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BioMed Research International
Volume 2014, Article ID 560183, 9 pages
Research Article

The Effect of Multiple Single Nucleotide Polymorphisms in the Folic Acid Pathway Genes on Homocysteine Metabolism

1Obstetrics and Gynecology Hospital, Fudan University, Shanghai 200011, China
2Department of Obstetrics and Gynecology, Shanghai Medical College, Fudan University, Shanghai 200032, China
3Shanghai Key Laboratory of Female Reproductive Endocrine Related Diseases, Shanghai 200011, China
4State Key Laboratory of Genetic Engineering, Institute of Biostatistics, School of Life Science, Fudan University, Shanghai 200433, China
5Children’s Hospital of Fudan University, Shanghai 201102, China
6Institute of Biomedical Sciences, Fudan University, Shanghai 201508, China
7Department of Pharmaceutical Sciences, College of Pharmacy, University of South Florida, Tampa, FL 33612, USA
8Central Lab, Shanghai Xuhui Central Hospital, Shanghai 200031, China

Received 5 April 2013; Revised 29 September 2013; Accepted 17 October 2013; Published 12 January 2014

Academic Editor: Wen-Hwa Lee

Copyright © 2014 Shuang Liang et al. This is an open access article distributed under the Creative Commons Attribution License, which permits unrestricted use, distribution, and reproduction in any medium, provided the original work is properly cited.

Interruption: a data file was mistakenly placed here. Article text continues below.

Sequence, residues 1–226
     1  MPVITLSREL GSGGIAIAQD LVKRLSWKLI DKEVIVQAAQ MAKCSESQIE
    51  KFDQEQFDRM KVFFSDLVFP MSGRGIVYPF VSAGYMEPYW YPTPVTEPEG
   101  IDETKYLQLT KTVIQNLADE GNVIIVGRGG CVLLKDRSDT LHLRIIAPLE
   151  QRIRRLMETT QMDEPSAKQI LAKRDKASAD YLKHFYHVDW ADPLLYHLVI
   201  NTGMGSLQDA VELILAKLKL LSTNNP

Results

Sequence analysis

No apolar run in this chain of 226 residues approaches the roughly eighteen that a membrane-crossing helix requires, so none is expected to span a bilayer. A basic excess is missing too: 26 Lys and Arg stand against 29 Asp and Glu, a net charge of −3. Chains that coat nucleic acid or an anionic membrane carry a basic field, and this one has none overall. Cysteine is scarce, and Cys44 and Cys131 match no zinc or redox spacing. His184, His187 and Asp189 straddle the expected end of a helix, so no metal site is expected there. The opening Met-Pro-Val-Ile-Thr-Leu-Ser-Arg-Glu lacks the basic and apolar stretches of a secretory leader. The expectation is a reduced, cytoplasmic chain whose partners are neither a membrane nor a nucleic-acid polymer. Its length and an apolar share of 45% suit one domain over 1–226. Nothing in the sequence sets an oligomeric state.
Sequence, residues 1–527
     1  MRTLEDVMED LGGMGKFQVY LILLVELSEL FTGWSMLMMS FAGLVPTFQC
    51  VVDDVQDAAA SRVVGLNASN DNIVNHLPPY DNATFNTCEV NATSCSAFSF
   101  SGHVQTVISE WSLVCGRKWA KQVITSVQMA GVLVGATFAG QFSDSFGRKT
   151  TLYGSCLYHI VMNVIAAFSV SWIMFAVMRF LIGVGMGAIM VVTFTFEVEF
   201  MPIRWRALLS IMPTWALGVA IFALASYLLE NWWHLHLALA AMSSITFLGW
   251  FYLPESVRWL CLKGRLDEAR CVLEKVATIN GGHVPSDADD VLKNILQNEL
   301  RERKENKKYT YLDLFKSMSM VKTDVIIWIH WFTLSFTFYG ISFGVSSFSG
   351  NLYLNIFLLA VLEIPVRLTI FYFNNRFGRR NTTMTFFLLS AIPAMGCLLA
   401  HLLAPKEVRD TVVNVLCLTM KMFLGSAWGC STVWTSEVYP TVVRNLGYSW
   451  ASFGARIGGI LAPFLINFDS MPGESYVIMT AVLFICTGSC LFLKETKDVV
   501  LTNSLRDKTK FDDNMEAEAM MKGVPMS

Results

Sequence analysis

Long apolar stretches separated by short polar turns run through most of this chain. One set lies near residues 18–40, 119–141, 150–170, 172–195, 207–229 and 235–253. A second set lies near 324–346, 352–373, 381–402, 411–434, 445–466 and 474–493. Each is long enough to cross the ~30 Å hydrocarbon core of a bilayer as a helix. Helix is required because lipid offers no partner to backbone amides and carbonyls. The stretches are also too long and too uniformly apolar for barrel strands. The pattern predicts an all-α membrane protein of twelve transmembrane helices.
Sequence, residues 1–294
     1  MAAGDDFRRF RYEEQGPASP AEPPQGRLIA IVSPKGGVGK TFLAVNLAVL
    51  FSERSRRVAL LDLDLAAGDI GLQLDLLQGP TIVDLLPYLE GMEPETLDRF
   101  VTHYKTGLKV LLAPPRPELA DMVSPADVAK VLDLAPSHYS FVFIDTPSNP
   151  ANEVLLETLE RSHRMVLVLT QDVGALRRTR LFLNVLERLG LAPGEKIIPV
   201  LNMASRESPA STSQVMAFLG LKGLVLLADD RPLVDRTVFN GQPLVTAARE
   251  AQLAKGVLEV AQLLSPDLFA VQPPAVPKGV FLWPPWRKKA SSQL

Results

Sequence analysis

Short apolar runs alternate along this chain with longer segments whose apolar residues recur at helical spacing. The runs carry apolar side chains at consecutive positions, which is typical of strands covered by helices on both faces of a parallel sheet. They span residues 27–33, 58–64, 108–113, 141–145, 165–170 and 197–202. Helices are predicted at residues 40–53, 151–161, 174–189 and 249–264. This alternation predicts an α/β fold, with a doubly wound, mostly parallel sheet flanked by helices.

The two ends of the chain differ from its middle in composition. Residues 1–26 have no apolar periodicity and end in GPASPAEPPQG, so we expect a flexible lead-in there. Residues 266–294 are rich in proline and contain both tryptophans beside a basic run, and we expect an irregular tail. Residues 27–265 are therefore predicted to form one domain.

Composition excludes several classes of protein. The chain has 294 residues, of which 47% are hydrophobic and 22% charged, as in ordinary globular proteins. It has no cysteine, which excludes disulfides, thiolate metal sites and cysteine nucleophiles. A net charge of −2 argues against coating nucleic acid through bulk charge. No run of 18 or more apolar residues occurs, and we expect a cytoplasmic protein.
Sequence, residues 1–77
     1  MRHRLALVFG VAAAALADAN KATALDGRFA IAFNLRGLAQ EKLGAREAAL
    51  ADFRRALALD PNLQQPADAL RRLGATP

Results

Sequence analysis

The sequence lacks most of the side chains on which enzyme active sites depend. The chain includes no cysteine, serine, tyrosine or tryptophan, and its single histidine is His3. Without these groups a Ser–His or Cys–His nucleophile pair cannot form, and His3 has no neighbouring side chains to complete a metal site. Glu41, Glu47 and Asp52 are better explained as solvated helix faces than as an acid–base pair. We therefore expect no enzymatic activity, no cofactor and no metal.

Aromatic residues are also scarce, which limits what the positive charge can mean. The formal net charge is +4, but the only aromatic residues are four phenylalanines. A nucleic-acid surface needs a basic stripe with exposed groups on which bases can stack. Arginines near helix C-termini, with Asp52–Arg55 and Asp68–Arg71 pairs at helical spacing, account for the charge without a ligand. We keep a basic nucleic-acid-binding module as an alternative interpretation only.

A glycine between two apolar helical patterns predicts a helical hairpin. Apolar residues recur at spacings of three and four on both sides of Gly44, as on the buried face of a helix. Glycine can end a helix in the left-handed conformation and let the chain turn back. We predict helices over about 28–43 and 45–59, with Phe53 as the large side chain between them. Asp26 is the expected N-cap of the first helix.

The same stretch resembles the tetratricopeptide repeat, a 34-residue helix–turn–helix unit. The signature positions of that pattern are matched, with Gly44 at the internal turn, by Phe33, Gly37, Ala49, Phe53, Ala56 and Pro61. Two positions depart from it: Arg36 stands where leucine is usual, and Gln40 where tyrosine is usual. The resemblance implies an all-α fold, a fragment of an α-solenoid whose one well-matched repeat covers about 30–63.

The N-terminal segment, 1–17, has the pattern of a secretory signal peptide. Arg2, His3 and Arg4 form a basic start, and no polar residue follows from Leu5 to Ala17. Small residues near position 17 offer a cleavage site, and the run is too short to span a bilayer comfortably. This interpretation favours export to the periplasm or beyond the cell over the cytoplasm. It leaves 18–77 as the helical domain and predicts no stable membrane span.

Objective. To investigate the joint effects of the single nucleotide polymorphisms (SNPs) of genes in the folic acid pathway on homocysteine (Hcy) metabolism. Methods. Four hundred women with normal pregnancies were enrolled in this study. SNPs were identified by MassARRAY. Serum folic acid and Hcy concentration were measured. Analysis of variance (ANOVA) and support vector machine (SVM) regressions were used to analyze the joint effects of SNPs on the Hcy level. Results. SNPs of MTHFR (rs1801133 and rs3733965) were significantly associated with maternal serum Hcy level. In the different genotypes of MTHFR (rs1801133), SNPs of RFC1 (rs1051266), TCN2 (rs9606756), BHMT (rs3733890), and CBS (rs234713 and rs2851391) were linked with the Hcy level adjusted for folic acid concentration. The integrated SNPs scores were significantly associated with the residual Hcy concentration (RHC) (). The Hcy level was significantly higher in the group with high SNP scores than that in other groups with SNP scores of less than 0.2 (). Moreover, this difference was even more significant in moderate and high levels of folic acid. Conclusion. SNPs of genes in the folic acid pathway possibly affect the Hcy metabolism in the presence of moderate and high levels of folic acid.